A lot has been said about computer games: how addictive they are, how they slowly turn you into a couch potato, a clingy unsanitary couch potato grudgingly hugging the remote. That might be true under certain circumstances, but there are lessons I have learned from some of them especially the empire building and city planning ones. These games show us how city planning decisions impact on the general ambiance and growth of a community. For example building a factory too close to residential premises equals low marks and reduces the eco-friendly rating of the neighborhood, whilst building parks and planting trees does the opposite. They (i.e. the games) can be useful in teaching kids/adult players (like me) a thing or two about building, maintaining and balancing a ‘greenhouse economy’ alongside modern day infrastructural development. Sadly, however, the unlike the game the impact of knocking down structures for the purpose of improvement in an area or the expansion of a region is never as simple and without life-changing consequences as they are in the games.
Several city planning and reconstruction process takes place on daily bases around the world from Nigeria to the far regions of Antarctica. In Nigeria alone, several cities have undergone some level of reconstruction with the aim of producing better structural flow throughout the city. These changes are a welcome development on paper, but in reality, the management and execution are below par. People are often left homeless, caught off from a stream of income and in some instances medically impaired as a result of the governments’ tardiness in dealing with the aftermath of such ‘progressive thoughts’.
The United Nations sustainable development goal number eleven addresses this issue, it reads: “make cities and human settlements inclusive, safe, resilient and sustainable.” In accordance with this goal, seven areas have been identified as key: housing, transport, planning, natural/cultural heritage, resilience, environment and open space. The approach aims at encouraging governments and town planners to take a holistic and broader perspective to meeting the 21st century the demand for sustainable and livable human settlements. The UN also acknowledges that there will be challenges which would vary across nations when it comes to achieving this goal. I already foresee three major challenges with respect to this goal in Nigeria including:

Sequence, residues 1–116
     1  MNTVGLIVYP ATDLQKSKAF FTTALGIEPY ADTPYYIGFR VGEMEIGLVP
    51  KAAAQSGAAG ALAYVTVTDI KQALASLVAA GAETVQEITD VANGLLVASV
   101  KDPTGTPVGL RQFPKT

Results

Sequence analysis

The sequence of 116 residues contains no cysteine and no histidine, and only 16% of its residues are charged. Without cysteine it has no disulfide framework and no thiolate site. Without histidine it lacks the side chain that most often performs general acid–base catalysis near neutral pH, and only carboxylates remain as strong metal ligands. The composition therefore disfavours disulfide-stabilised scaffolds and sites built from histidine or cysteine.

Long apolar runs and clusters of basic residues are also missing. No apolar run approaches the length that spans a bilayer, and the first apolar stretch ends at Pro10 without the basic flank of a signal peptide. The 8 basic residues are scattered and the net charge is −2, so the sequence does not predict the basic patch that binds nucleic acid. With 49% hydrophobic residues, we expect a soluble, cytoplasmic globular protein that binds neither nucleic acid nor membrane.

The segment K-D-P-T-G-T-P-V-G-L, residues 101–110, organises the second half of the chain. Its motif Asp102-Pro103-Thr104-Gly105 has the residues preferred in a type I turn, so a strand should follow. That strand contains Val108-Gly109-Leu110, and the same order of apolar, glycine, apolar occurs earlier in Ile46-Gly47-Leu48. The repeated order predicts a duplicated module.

1. A total disregard for the areas that need it most: the tendency of past governments has been to concentrate on areas that need basic do-overs and face-lifts. These projects are desirable, but essentially not needed, they are often concentrated at the city centers or the governors’ personal hometown, they generally are self-serving and ignorant of the masses need. Rural areas and slums which require restructuring and modernization to easy urban overcrowding never makes it to the drawing table. I have seen parks, zoos demolished only to be replaced by luxury estates owned by the wealthy built for the wealthy. Score points: Sustainable city planning development zero -0, government mismanagement one – 1.
2. A mismanagement of those who get affected: sadly this is a story that resonates from developmental processes in Anfield UK to the streets of New haven Enugu, Nigeria. Deadlines are given to residents of selected sites, but in most cases demolition processes start before the set deadline, leaving people bereft of home and hearth, running from pillar to post. More disturbing, however, is the failure of the authorities to deliver on their compensation plans. Cash, land or alternative living arrangements are promised vocally, but in Nigeria less than half if any of those affected ever receive this alleged compensation. They are tossed and turned by red tape and pure political illusion hogwash, leaving some medically impaired as the weight of starting afresh on an uneven playing field in midlife gets the best of them. Score points: Sustainable city planning development zero -0, government mismanagement two – 2.
3. Increases in abandoned project/discontinuity: lack of continuity is a trademark of the Nigerian government, the only thing they seem able to pass down graciously. It is remarkable how each government never strives to finish off a project within its tenure leaving society littered with half-finished hazards and empty pockets. In most cases where the project is completed, the possibility of it being substandard is quite high. Score points: Sustainable city planning development zero -0, government mismanagement three - 3.
When the score point reads three – 0 in favor of the opponent and times almost up, surely it’s time to pack up shop. Tackling the claptrap jobs of past administration will be an uphill climb, surmountable only with careful transparent management and realistic expectation. Sustainable city planning development is essential for economic progression especially in third world countries. It will place a demand on both citizens and the government, mental as well as financial.